212(e) Waiver

Certain exchange visitors (particularly on certain classes of J1 visas) are subject to the two-year foreign residence requirement of Section 212(e) of the Immigration and Nationality Act. This requirement obliges the exchange visitor to return to his/her home country for at least two years after the end of his/her J1 sponsored program.

The exchange visitors desiring a waiver of 212(e) requires to apply for a no-objection waiver.

The procedure is based on the fulfillment of several steps. Each step must be completed properly in order to assure a successful application.

The required steps are as follows.

  1. Complete an online application for a J-1 waiver recommendation and obtain a bar-coded document (case number) to be used to check the waiver status and its follow-ups. The online application requires a letter with a statement of reason for no objection.
  2. Contact the embassy of the country where the applicant is legally a citizen of in Washington, D.C., (consular section) to request that a "no objection" statement be forwarded to the Department of State on his/her behalf.
  3. After the Embassy will forward the "no objection" statement directly to the Waiver Review Division at the Department of State of the United States. The Department of State of the United States will then forward their recommendations to the USCIS.
  4. Finally, the USCIS will notify the final decision to the applicant.

The processing time for a no objection waiver takes about 6-8 weeks of the Department of State website.

Issues that could arise while the non-objection waiver is being processed:

  1. A J-1 visitor who is currently waiting to receive a waiver of the two-year home residence requirement or have returned home (therefore fulfilling the two-year home residence requirement) CANNOT APPLY FOR:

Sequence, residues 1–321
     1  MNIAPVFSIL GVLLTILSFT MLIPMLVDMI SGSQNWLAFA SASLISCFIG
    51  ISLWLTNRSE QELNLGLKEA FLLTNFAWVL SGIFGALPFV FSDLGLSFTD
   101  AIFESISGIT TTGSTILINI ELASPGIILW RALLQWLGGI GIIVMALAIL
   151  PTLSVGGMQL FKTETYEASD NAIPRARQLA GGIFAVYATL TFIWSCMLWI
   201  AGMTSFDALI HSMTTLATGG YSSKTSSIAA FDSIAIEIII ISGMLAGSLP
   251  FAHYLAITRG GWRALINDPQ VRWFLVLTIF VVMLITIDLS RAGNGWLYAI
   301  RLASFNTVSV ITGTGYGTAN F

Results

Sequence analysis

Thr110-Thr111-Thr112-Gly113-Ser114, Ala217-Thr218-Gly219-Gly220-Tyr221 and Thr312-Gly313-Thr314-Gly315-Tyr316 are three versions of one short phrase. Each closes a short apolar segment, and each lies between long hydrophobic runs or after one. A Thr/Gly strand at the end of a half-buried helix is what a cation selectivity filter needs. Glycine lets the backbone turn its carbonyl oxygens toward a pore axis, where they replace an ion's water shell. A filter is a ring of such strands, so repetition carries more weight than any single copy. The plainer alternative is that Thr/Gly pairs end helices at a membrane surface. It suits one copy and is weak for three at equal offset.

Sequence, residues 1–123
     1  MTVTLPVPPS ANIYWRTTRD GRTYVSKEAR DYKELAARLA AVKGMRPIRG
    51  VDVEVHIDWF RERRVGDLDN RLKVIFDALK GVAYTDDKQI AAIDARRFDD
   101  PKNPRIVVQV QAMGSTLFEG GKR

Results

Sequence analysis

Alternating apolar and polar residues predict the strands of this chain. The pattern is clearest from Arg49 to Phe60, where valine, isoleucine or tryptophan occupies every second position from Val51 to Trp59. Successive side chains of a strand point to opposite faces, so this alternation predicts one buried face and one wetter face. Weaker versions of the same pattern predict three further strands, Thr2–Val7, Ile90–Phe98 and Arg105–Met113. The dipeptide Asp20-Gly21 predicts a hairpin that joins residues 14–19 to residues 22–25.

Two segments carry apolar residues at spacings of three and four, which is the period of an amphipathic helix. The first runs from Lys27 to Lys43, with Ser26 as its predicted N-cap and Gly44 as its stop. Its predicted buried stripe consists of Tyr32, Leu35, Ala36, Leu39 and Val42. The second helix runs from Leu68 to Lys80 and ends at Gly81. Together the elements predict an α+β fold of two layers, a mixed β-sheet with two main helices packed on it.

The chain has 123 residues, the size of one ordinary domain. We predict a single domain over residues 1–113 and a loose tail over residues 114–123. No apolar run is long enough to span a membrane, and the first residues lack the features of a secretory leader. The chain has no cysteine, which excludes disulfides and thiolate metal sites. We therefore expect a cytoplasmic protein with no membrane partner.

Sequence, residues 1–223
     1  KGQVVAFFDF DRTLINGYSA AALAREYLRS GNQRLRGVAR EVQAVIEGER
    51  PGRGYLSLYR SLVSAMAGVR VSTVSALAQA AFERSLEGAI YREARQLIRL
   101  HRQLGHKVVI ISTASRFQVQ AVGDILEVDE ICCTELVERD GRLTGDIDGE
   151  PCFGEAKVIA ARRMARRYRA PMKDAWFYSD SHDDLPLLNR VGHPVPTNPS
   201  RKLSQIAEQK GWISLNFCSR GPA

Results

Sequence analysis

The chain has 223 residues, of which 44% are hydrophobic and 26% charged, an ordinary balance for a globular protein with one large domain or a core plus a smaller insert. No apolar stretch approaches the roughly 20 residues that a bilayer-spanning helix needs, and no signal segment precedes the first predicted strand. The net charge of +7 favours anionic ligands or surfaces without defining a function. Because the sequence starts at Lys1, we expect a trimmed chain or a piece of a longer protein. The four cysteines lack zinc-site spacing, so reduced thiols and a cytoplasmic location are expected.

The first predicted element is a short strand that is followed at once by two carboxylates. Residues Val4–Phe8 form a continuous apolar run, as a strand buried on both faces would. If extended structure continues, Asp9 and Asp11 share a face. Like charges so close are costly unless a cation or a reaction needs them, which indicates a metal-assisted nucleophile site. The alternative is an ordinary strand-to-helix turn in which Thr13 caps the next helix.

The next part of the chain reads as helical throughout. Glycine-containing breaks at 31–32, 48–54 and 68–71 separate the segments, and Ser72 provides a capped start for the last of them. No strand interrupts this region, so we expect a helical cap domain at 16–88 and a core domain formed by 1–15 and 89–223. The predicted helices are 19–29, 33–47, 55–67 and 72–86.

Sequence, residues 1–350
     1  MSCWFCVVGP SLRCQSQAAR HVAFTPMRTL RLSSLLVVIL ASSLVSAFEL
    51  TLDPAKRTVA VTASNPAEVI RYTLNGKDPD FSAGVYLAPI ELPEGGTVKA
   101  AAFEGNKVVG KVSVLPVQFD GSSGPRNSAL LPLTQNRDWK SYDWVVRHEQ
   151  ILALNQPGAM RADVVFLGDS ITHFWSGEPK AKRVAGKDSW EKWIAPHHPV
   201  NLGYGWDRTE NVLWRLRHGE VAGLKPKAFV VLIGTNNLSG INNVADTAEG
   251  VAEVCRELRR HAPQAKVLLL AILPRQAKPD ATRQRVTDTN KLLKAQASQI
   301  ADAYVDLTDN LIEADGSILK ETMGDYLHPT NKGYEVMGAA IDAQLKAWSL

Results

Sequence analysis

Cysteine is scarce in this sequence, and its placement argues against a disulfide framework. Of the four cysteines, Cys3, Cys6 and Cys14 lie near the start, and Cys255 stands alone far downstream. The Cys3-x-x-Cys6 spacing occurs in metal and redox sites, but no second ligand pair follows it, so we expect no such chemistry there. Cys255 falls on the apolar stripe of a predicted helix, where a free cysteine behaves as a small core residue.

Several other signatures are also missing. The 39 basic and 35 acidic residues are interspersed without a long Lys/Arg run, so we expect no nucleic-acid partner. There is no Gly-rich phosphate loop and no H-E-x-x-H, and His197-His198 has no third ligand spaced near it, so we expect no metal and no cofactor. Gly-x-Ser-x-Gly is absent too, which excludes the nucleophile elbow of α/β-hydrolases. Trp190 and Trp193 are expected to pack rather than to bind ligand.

1. Any other non-immigrant visas (including H or L visas).
    2. An immigrant visa, green card, or a LRP status
    3. A K (fiancé) visa

Based on the United States immigration law, there are five ways by which an exchange visitor can apply to the Department of State of the United States to waive the 212(e) two-year foreign residence requirement.

  1. No-objection statement from applicant’s home government
  2. Prove risk of persecution if the applicant were to return to his/her home country
  3. Prove that denial of your request would cause exceptional hardship to a US citizen or permanent resident’s wife or child
  4. Request by an interested a federal government agency of the Unites States
  5. Request by a designated State Public Health Department (CONRAD State 30 Program) of the Unites States

The most successful and legally simple way to obtain a waiver is the no-objection statement from the applicant’s home government.


Foreign medical physicians who acquired their J-1 for the purpose of receiving graduate medical education or training in the United States CANNOT acquire a waiver under the no-objection category.

Applying for a No-Objection Waiver

Applying for a waiver based on a no-objection statement from a home government entails four basic steps:

  • STEP 1 – Determine your home government’s no-objection procedure.
  • STEP 2 - Complete the online J visa waiver recommendation application.